otherwise have been discharged It will also supply a residential
fertiliser and petroleum industries
to the Gulf of St Vincent and third pipe development for toilet
in the area.
diminishing groundwater flushing and garden watering in
reserves in the region used for the Cranbourne-Five Ways area. Rouse Hill, NSW
irrigation instead. Approximately 2 000 homes at
Sandhurst and two 18-hole golf (households)
The water is used by more than courses in Carrum Downs are More than 15 000 households at
240 growers to irrigate a range of already connected under this Rouse Hill, in the north west of
food and non-food crops sold to scheme, ultimately using 1 200 Sydney, are currently connected
local, national and international ML of recycled water a year for in a third pipe recycled water
markets. the golf courses and recreational scheme run by Sydney Water. The
areas, as well as for residential homes have two water supplies:
garden watering and toilet recycled water and drinking
flushing. water. The recycled water taps,
pipe work and plumbing fittings
are coloured lilac to ensure that
recycled water is not confused
with drinking water. Drinking
water is used for drinking,
cooking and showering. The
Figure 7 Membrane filtration
bank for recycling water at recycled water is used for garden
South East Melbourne watering, washing cars, toilet
flushing, park and golf course
irrigation and for local industrial
purposes.
Hervey Bay, Qld
(recreational and
horticulture)
Wide Bay Water at Hervey Bay is
providing recycled water from
its sewage treatment plant for
use on sugar cane, a turf farm,
a golf courses, sports fields
and other uses. They currently
recycle greater than 90% of their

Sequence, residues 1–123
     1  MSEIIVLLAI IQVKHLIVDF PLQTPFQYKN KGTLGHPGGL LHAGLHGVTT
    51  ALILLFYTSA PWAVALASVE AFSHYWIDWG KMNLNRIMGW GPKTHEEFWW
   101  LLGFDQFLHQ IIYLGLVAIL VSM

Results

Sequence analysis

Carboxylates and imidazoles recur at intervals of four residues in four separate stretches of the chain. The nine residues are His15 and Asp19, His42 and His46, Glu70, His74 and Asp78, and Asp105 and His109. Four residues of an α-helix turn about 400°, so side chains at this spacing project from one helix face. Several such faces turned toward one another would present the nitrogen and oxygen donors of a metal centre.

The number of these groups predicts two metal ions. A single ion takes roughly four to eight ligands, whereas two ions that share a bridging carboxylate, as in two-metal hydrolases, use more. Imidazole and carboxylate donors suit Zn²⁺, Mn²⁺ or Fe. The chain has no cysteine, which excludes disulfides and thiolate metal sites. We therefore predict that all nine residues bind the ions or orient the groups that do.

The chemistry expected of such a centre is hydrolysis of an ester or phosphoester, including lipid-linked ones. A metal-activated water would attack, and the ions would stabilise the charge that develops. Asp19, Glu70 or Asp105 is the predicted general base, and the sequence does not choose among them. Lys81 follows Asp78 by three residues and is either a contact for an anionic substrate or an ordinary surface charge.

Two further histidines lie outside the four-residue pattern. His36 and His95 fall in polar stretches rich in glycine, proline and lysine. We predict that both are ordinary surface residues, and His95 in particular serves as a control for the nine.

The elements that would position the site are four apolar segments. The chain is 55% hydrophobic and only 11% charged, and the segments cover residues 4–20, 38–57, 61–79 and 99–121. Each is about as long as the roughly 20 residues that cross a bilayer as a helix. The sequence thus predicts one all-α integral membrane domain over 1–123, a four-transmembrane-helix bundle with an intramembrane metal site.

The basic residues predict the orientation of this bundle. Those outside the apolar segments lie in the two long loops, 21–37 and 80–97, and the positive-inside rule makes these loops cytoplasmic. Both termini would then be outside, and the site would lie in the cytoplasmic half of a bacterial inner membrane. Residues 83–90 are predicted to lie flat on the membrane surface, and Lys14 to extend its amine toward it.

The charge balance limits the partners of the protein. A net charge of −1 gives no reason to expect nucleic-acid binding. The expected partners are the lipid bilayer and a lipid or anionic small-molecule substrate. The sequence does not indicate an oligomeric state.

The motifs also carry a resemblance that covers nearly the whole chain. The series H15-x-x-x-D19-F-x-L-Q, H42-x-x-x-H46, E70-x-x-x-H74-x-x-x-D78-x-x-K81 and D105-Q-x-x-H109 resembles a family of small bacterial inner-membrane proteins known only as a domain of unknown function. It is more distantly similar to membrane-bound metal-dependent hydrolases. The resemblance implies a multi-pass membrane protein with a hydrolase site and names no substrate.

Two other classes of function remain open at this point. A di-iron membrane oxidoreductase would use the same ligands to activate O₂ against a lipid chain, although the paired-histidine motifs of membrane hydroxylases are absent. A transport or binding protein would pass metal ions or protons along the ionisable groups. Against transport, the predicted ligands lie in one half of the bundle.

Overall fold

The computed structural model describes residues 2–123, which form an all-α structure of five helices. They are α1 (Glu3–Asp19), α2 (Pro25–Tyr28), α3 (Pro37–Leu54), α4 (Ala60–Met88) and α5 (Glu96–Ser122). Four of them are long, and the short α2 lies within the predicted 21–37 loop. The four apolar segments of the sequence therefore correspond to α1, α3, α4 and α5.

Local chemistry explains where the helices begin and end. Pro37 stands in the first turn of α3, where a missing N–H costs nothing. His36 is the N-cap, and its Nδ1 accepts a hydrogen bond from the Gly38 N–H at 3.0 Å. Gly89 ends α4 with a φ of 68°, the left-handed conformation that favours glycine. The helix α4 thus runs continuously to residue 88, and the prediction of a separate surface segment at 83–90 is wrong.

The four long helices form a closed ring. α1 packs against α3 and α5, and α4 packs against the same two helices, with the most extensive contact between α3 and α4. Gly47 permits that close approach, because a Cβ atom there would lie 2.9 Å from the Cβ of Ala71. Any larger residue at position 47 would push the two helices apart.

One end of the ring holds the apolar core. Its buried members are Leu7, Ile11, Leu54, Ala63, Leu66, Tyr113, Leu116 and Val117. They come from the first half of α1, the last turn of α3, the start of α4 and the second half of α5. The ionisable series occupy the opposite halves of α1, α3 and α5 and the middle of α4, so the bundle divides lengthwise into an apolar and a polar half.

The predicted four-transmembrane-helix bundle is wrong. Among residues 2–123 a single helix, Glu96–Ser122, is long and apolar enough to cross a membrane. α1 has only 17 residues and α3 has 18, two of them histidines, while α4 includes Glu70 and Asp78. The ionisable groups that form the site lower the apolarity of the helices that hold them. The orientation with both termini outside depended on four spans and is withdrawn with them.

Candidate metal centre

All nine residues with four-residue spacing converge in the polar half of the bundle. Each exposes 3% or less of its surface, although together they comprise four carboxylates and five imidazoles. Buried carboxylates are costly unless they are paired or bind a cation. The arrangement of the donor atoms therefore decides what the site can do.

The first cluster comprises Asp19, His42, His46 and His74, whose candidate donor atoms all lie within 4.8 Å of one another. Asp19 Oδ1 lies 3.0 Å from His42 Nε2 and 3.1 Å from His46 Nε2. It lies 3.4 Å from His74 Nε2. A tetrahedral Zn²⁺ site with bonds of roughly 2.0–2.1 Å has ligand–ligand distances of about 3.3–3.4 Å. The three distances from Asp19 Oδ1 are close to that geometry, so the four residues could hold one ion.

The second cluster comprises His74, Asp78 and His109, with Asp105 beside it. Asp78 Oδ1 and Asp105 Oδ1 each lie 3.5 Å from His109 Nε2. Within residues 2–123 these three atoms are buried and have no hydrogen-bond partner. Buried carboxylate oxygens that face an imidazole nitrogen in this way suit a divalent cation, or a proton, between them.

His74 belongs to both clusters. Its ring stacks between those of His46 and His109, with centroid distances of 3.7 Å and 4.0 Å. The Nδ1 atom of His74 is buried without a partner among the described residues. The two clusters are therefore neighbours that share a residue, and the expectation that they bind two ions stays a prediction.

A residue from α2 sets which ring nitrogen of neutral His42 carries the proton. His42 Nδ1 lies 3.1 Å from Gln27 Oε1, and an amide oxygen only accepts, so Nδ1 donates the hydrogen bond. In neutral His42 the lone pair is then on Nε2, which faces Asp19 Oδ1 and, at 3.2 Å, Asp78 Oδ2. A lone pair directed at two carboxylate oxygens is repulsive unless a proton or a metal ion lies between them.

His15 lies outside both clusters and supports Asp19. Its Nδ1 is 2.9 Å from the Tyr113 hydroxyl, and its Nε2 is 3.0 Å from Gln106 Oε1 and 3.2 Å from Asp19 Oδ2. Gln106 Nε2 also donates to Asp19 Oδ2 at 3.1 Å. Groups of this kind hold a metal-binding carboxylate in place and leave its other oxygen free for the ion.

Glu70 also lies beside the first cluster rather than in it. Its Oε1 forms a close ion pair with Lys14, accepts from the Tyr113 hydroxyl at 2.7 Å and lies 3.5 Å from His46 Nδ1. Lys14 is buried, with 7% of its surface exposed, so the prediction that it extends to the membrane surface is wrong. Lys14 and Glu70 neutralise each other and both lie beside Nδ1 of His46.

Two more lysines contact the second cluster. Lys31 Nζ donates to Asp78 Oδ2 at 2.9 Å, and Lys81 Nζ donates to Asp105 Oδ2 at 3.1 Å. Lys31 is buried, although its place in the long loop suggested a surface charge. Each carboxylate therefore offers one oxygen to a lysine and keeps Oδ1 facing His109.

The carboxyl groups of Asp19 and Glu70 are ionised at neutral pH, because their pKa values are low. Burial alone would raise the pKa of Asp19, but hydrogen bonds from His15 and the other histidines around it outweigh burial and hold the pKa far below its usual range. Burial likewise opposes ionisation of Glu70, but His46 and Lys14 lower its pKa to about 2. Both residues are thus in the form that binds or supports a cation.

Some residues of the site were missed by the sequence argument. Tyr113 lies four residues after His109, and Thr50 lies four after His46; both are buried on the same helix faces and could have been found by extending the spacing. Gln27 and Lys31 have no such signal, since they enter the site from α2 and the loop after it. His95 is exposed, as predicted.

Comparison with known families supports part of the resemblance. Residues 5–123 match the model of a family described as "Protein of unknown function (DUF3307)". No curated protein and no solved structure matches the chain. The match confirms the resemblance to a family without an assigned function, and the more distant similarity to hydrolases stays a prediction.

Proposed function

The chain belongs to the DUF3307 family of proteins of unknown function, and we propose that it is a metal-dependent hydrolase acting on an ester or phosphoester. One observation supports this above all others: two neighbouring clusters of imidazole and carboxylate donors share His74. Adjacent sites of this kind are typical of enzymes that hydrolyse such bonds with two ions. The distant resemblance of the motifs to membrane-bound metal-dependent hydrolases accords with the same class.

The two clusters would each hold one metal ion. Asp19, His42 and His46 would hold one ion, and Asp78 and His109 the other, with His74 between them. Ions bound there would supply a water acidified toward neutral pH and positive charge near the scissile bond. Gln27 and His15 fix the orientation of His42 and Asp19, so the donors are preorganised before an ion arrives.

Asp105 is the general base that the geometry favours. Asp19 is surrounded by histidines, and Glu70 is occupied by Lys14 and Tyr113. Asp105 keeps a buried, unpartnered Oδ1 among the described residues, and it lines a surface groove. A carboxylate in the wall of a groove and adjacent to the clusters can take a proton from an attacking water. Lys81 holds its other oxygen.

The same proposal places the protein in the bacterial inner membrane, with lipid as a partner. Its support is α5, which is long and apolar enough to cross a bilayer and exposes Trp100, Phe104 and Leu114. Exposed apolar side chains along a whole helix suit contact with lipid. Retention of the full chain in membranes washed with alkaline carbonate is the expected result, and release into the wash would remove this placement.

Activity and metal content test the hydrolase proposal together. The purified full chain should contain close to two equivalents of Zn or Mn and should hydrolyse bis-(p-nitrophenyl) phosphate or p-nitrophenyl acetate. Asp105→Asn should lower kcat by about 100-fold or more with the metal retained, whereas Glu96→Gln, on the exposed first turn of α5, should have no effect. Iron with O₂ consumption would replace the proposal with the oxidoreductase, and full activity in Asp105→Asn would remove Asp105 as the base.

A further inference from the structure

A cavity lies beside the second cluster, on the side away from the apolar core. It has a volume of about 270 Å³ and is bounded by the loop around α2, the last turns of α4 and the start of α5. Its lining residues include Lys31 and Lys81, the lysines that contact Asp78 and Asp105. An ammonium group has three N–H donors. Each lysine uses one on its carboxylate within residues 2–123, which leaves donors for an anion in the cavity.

wastewater.

Australia Trade Coast, Qld


(industry and green-field)
Australia Trade Coast (ATC) was
launched in May 1999 as an
initiative to transform Brisbane’s
8 000 hectare ‘ports’ precinct
into a major global trade and
industry hub on the East Coast
of Australia. The predicted
growth will outstrip drinking
water supply infrastructure into
the future. A Water Master Plan
for the area will make available
both Class A and demineralised
water from local wastewater
treatment plants to specific
zones in the ATC. Stage 1 was
completed in 2000 and supplies
10 ML/d of demineralised water
to an oil refinery. Stage 2, soon
to be implemented, will supply
other existing large water using
customers in the area from
other local treatment plants.
Stage 3 will be constructed in
line with market development
of green-field space in the area.
The total scheme is expected to
supply approximately 50 ML/d of
recycled water, offsetting a similar
amount of drinking water.

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Glossary
Beneficial allocations Grey water Unplanned or incidental
Planned allocations of recycled Wastewater from the hand basin, recycling for drinking
water to surface waters. They may shower, bath, spa bath, washing Use of recycled water after it has
provide improved environmental machine, laundry tub. It is not been treated and then discharged
outcomes for biota, habitats and the water from the toilet, kitchen into surface or groundwaters
ecological processes, improved sink or dishwasher. Water from from which further water is
cultural values (contact recreation the kitchen is generally too high taken for human ‘drinking
and aesthetic use), as well as in grease and oil to be reused water’ supplies. For example,
approved water extractions for successfully without significant Adelaide takes up to 85% of its
irrigation. treatment. water from the River Murray,
downstream from many towns
Biosolids Indirect recycling discharging treated effluent into
Organic material which comes The beneficial use of water the Murrumbidgee/Murray river
from micro-organisms used in after it has been discharged system.
sewage treatment and water from from a treatment plant into
this process. a natural surface water or Wastewater
groundwater body, from which Water which is being disposed
Black water water is extracted often without after it has been used.
Toilet waste. consideration of the origin of the
water. Water reclamation
Direct recycling for drinking Treatment of wastewater to
This encompasses water that has Non-potable water make it reusable for one or
been highly treated to make it Water that does not meet more applications. The process
suitable for human drinking water drinking water standards, but may produces recycled water.
use and is conveyed directly from be fit for other specifically defined